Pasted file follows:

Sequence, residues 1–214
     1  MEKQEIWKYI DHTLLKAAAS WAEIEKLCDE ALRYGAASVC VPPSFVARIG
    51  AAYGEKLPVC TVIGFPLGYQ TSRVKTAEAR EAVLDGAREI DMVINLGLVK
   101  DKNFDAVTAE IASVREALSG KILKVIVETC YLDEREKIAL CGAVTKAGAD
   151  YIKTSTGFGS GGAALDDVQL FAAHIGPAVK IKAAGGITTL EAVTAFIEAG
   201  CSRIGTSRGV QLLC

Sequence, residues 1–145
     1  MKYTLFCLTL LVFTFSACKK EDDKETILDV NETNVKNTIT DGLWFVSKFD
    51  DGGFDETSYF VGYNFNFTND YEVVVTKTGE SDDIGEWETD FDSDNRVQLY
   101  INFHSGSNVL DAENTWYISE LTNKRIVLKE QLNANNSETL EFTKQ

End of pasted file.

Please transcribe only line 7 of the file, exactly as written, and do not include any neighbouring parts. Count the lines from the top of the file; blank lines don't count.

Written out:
Sequence, residues 1–145